Now time for the Structured Approach

Admittedly I didn’t have the best writing week: I did, in fact, label it a ‘write off’. However, going through my list of aims, I haven’t done too badly. In fact, given the shining light that I discovered thanks to a recommendation this week, my efforts to revise my NaNo #1 will no doubt improve.

To-do List Review

22nd – 28th April

1.  Write up Cecelia’s section of the novel – Well, this obviously didn’t happen. Sinusitis made it very difficult to get any writing done at all and therefore this aim for the week had to be scrapped. 

2. Fill in Cecelia’s character in the ‘Biography Book’ – This I did manage a little of, but I widened it  to incorporate some of the other major players in the novel. Having read ‘Rock your Revisions‘ (see earlier post) I have started to chart the Goals, Motivation and Conflict for each of my main characters and am learning a lot, I’m pleased to report. 

3. Finish reading Life After Life – Reading was possibly the only joy I could indulge in (for short periods at least) whilst I wasn’t very well. As a result, not only did I finish Life after Life but I also ploughed through The Storyteller by Jodi Picoult.
Life After Life I struggled with (I know, it’s  short-listed as one of the Women’s Prize for Fiction – personal opinion only here!). For a start I couldn’t really keep track of which life was which, nor where the events swapped and changed. I also got a little bored when Ursula moved to Germany and then it shifted and she lived several lives that seemed to have no bearing on the final outcome. The concept of the book is brilliant: but, for me, the topic of the war overwhelmed the concept and so it waned in the last third. By the end I didn’t really care about Ursula at all.
The Storyteller was much  more up my street, even though it dealt with the same period of history (although from a completely different viewpoint). Jodi Picoult has outdone herself with the research involved and has managed to sketch out some terrifically horrifying aspects of the Holocaust that made the novel itself riveting. I did just manage to catch the twist at the end, but it’s a good one – once again she left me with a good finale but still with lingering thoughts about the implications of the story. 

4. Work on story ideas for upcoming competitions – I threw some ideas around, but I wasn’t feeling particularly inspired. Many of the competitions I’ve noted down to enter don’t have submissions deadlines until later in the year, so there is no rush on this one.

5. Identify three new writing websites/blogs that might help with the editing process – Here are the wesbites that I’ve been perusing over the last week:

Not to mention the fabulous website, with useful downloads, by Cathy Yardley at Rock Your Writing.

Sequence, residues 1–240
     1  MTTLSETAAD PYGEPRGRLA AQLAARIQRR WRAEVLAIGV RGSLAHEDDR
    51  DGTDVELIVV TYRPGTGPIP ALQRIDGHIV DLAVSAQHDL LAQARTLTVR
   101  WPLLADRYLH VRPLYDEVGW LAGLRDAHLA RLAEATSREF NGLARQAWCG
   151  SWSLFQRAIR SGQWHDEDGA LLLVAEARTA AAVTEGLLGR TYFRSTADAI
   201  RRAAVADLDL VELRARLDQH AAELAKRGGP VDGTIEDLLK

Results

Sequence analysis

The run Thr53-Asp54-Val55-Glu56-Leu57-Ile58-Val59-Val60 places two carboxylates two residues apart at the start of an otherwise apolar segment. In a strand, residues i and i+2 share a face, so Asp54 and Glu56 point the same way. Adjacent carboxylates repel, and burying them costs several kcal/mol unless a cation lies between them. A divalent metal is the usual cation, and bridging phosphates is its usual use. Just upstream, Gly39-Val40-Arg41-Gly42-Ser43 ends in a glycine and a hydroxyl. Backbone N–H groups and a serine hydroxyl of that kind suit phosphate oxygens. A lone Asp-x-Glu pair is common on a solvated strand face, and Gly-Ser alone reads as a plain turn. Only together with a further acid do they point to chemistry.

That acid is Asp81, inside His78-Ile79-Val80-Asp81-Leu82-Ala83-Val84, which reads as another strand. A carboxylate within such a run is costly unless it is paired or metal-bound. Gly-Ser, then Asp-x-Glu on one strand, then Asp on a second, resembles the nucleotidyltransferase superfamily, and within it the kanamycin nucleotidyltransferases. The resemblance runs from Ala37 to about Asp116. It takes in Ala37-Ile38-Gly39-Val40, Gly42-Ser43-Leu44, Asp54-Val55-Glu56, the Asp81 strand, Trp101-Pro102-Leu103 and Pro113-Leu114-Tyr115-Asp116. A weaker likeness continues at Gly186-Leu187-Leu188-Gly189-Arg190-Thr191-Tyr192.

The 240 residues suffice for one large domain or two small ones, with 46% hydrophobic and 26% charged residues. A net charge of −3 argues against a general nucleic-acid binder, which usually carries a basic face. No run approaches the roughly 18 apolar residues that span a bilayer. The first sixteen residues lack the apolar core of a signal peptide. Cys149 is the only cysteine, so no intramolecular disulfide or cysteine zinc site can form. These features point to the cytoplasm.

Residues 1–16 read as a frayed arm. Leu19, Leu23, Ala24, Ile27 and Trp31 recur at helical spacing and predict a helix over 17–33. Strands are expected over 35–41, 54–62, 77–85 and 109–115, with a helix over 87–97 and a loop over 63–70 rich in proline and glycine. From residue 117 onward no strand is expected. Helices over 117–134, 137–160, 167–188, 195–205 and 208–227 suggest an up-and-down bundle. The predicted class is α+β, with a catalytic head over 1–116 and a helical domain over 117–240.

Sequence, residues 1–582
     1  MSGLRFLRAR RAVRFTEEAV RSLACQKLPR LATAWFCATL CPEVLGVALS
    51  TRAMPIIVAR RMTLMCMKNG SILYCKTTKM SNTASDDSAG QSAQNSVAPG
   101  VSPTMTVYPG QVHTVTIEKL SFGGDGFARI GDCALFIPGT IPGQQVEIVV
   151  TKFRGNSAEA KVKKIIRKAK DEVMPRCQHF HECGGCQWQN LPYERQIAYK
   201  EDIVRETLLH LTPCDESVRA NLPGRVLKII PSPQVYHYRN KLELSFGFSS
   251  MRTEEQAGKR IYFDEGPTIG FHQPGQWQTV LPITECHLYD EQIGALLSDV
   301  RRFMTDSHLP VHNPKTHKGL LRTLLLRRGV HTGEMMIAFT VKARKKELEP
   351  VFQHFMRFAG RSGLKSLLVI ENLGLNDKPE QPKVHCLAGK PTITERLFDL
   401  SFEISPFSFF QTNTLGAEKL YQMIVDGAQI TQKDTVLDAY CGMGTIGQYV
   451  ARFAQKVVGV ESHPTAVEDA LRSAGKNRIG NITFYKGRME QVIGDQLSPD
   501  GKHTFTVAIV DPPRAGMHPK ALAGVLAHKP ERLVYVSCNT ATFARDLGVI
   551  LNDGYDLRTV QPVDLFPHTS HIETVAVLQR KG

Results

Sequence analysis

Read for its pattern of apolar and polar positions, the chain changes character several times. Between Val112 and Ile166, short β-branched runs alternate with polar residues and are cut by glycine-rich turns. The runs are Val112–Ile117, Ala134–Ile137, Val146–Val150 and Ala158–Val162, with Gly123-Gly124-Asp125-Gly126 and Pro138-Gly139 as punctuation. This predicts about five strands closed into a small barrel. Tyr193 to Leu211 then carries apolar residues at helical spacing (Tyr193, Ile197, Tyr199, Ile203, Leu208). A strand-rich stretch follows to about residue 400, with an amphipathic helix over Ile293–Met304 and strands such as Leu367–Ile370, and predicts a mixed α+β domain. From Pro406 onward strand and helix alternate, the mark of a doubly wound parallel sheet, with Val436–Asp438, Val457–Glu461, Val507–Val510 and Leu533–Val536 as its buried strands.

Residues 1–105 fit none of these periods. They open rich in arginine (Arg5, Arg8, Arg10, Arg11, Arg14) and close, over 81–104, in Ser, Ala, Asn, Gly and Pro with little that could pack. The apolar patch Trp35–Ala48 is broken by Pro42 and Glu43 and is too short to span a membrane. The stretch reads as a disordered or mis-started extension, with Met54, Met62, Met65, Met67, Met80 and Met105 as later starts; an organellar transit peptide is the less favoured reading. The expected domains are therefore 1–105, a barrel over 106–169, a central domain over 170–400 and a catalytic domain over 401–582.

So, armed with a system for revising the novel that I think could work for me, here’s the plan for the upcoming week:

To do List

29th April – 5th May

1. Sketch out Goals, Motivations and Conflicts for each of my main characters in NaNo #1

2. Write out scene cards for Cecelia’s section of the novel with clear notes on how each contributes to the story

3. Insert previously identified Chapter Breaks (from read-through) into manuscript in preparation to create scene cards for all chapters

4. Begin sketching timeline for the entire plot of NaNo #1

5. Prepare Bingo Story (unsuccessful competition submission) to send to Woman’s Weekly as alternative market

I’ve added one task unrelated to the revision of the novel so that I can have a break away if I need it. As for Number 2, this currently replaces the actual writing of Cecelia’s story. This is because I have a good two-thirds of it handwritten, so it makes sense to use this as the basis of my scene cards and only then type up what actually works for the section as required. The way I see it, I’m saving myself a chunk of work because I’m not starting this section from scratch: however badly it’s written there must be something salvageable that would be worth the effort of not having to re-write it completely (because, truth be told, the thought of having to do that rips my soul in two!).

Right – I have a plan, I have structure and I know what needs to be done (which is a lot more than I had last week!) so here I go.

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3 responses to “Now time for the Structured Approach

  1. Thanks for the tip – I’ve just bought ‘Rock your Revisions’ to give it a try on my almost finished second novel, From the Sky, so we’ll see what difference (if any) it makes! Good luck with your revisions and your plan of attack. I always find that if I plan to write 10,000 words in a week I’ll write 6,000, and that kind of thing applies to any type of planning. Whereas, if I think I’ll just put in an extra two hours when I have the time ie the weekend, I hit my most productive streak!

    • Good luck with it! I’ll be blogging about how I get on over the next couple of weeks. Be interesting to see what works and what doesn’t work for each of us respectively!

      Glad that the recommendation was picked up: I thought it was a bargain for the focus and structure it’s now provided!

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